I can sum up my feelings about the documentary “Stevie” with one word; “uneven”. Some portions of the film are surprising, touching and moving. Other portions, however, leave the viewer feeling a little sick, wondering how anyone could feel sorry for a person as desperately evil as Stevie.
In the end, all of the various problems with this film rest solely on the shoulders of its director. By bringing cameras into Stevie’s world, he has colored it, and made it something different than what it would otherwise…be. One of the greatest challenges facing documentary directors is the issue of how to capture the story while not affecting its outcome. James ignores this issue completely, however, and eagerly thrusts himself in front of the camera, actively engaging himself in the lives of his subjects.
This is a strangely compelling film, if not for the subject matter, than for the clinic on how NOT to do a documentary.
Viewers have just one audio option available to them in Dolby Stereo 2.0. The track is very heavy on dialog, as would be expected for a documentary piece. This is not a film that was intended to sound great, and there is virtually nothing for your subwoofer to do. The audio track gets the job done, however, which is really all we can ask. Actually, it is probably a bit on the good side, considering the fact that much of the dialog was recorded with a hand held unit, live and on the shoot.
The video quality presented on this disc is unfortunately quite poor. While some scenes look decent, blemishes are apparent throughout the film. Especially bad are the night scenes, which are hard to see and quite grainy. Problems with spots on the lens and some shaky handheld footage make this a very un-polished presentation.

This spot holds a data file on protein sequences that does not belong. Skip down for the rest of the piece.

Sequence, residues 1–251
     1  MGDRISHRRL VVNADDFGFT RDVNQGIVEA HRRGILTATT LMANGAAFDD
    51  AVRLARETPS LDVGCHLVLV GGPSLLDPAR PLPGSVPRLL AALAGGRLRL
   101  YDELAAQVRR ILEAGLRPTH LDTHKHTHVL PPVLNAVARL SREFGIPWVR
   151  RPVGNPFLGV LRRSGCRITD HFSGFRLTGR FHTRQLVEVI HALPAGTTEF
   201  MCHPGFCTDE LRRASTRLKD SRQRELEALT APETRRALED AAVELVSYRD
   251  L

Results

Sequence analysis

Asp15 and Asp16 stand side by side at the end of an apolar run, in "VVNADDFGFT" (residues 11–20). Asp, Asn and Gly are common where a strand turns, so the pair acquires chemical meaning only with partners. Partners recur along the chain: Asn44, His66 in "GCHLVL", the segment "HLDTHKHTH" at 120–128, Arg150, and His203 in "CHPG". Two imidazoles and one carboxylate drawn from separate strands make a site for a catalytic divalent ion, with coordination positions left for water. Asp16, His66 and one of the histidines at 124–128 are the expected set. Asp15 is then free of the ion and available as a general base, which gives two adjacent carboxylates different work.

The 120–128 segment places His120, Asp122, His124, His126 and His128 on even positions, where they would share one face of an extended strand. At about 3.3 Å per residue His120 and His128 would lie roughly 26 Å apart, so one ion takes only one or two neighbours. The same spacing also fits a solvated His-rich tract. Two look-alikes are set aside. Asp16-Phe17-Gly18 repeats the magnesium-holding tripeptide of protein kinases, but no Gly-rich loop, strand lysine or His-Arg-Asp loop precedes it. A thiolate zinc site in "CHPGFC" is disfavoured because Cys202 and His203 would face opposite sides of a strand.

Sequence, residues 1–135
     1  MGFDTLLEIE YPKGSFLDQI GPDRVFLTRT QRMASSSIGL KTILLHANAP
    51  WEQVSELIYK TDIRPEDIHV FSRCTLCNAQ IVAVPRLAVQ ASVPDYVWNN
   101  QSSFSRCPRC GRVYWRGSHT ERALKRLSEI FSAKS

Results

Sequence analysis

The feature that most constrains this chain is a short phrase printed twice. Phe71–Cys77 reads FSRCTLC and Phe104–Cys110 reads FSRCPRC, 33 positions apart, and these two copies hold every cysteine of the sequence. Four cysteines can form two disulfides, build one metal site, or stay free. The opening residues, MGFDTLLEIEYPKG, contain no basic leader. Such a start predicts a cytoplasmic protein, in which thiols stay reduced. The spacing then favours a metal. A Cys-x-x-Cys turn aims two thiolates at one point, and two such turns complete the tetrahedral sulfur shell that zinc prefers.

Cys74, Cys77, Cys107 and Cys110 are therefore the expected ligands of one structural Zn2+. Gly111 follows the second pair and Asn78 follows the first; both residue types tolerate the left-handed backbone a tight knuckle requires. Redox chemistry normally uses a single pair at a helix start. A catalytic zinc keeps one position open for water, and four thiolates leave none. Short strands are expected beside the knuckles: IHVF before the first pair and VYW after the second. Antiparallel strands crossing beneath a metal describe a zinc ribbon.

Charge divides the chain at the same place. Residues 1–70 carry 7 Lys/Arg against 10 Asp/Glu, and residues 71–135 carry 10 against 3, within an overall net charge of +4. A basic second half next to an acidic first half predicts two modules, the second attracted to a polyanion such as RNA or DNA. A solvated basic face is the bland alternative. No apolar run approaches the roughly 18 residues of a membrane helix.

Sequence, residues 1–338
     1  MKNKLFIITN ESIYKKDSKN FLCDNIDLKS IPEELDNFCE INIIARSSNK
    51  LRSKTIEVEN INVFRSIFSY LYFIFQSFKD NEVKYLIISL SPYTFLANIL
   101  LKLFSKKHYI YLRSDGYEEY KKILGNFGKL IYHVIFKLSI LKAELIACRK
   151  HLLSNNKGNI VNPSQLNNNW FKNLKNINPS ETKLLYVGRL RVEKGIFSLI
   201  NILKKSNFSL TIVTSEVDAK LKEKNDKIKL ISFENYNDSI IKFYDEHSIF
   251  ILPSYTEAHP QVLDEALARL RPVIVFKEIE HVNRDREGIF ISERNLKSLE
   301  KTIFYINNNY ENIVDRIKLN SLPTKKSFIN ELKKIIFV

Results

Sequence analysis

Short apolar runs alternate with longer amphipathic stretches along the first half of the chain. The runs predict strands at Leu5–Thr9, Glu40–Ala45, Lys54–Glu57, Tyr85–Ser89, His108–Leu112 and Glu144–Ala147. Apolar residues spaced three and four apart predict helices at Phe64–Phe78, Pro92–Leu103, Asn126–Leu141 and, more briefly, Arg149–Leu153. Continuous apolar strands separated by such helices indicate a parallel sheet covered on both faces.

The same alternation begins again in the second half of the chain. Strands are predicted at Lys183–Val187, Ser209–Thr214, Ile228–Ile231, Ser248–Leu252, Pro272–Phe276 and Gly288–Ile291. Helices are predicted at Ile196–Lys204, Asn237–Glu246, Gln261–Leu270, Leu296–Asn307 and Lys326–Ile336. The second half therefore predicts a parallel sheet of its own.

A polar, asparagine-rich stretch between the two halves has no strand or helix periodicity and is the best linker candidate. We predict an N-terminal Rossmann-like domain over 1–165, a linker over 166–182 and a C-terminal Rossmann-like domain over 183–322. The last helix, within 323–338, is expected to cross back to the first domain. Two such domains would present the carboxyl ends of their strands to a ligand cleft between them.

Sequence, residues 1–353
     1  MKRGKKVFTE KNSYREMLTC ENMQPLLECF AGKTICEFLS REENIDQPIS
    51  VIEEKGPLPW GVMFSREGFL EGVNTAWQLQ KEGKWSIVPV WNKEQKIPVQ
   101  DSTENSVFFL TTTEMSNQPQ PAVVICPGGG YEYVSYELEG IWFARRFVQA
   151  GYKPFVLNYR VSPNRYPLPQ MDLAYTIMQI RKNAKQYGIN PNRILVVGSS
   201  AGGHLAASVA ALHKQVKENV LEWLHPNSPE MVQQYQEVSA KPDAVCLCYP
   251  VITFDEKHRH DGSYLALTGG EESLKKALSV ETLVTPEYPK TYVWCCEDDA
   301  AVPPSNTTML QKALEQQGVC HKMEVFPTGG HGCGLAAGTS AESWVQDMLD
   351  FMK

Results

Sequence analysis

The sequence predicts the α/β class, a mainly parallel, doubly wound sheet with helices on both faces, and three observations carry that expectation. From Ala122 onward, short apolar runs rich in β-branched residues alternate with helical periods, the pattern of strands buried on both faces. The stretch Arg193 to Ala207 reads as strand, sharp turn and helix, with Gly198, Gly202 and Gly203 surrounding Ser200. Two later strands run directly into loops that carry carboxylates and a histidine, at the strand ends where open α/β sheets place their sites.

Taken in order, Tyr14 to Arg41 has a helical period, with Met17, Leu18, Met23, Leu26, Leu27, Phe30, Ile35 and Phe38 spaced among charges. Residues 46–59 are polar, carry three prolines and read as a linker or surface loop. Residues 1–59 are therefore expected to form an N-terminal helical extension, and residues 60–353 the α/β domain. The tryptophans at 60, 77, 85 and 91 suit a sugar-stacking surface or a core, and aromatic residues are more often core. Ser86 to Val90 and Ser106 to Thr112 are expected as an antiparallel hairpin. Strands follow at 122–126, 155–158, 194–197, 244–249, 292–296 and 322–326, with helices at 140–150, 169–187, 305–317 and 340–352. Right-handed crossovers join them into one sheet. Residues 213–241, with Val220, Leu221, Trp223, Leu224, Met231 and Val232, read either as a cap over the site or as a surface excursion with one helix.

Another annoying problem with the picture is the appearance of the microphone in the frame throughout the film. I counted no less than three instances of the microphone wondering down from the upper part of the frame, and one instance of the actual Sound Man himself. I understand that this is a documentary shot on location, but I would like to think that some of these errors could have been prevented with better editing.
There are just a few special features on this disc. The theatrical trailer is here, as well as trailers for the Lion’s Gate documentaries “The Eyes of Tammy Faye” and “Dr. Death”. Also included are five deleted scenes that were obviously deleted for a reason. Finally, we have a marginally interesting commentary track, which seems a bit redundant to me, since the whole of the feature itself is narrated by the director.
Having completed this film, I find myself torn. On the one hand, I find myself genuinely concerned with Stevie. I feel bad for him, and have a strong desire to help him become more than he is. On the other hand, Steve Jones has presented his story in such a way as to make me feel badly for the child molesting mental midget. This film is definitely worth watching as a study in documentary styles, but if you are looking for an unbiased presentation of the life of Stephen Fielding, you will not find it here.
Special Features List
- Deleted Scenes
- Audio Commentary